From Thomas Björkman:
Hundreds of Cornell alumni gathered at the Astor Center in Greenwich Village for Furrows to Boroughs: A Taste of New York State in New York City, a regional sesquicentennial celebration October 22 hosted by the College of Agriculture and Life Sciences. The event highlighted the link between tri-state agriculture and Cornell. The culinary work and products of local farmers, agricultural businesses and chefs were on display and available to taste.
Horticultural products featured prominently. Many wines of course, a tremendous pastry designed around Susan Brown’s new SnapDragon apple, and fall berries and vegetables raised with techniques and varieties developed at Cornell. The alumni were not only excited by the great food, but also proud to be part of the institution that helps make it all possible.
I collaborated with chef and native Ithacan Tyler Kord, who has been making a big splash in the New York City restaurant scene by highlighting broccoli in new contexts. He operates the No. 7 restaurant in Fort Greene Brooklyn and has two high-profile sub shops at the Plaza Hotel by Central Park and the Ace Hotel in the financial district where he has popularized both the broccoli sub sandwich and the broccoli taco. This year Short Stack published his cookbook Broccoli.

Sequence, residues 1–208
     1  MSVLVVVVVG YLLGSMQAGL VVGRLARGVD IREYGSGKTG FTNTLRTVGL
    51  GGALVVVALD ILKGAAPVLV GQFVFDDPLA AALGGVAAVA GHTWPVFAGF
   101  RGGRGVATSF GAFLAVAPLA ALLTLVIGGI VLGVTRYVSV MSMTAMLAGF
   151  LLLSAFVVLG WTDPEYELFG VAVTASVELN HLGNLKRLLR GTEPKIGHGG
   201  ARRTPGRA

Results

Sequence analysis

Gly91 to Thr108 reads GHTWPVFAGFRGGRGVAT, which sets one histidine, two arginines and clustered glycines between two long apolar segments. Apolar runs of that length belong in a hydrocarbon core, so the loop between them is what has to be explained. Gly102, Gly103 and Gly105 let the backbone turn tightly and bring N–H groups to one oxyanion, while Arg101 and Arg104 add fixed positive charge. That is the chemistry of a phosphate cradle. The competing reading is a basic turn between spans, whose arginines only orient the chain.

At Furrows to Boroughs, Tyler served tacos using broccoli provided by Windflower Farm, operated by former Cornell Cooperative Extension educator Ted Blomgren, who continues to be an avid cooperator on Cornell Horticulture research and extension projects as well as a pioneer for providing fresh produce to the food deserts in the outer boroughs through an active CSA.
As part of the Eastern Broccoli Project, I’m leading a team to develop varieties as well as the production and marketing infrastructure to supply New York City with Northeast broccoli for three months of the year, and have other Eastern regions supply the same buyers for the balance of the year.
Our goal is not to supply all of the Big Apple’s broccoli, but enough to provide regional growers with a profitable alternative enterprise and consumers with a fresher, more flavorful and nutritious product.
The project is funded by the USDA’s Specialty Crop Research Initiative, and is a collaboration with six other universities, the Agricultural Research Service, seed companies, distributors and growers.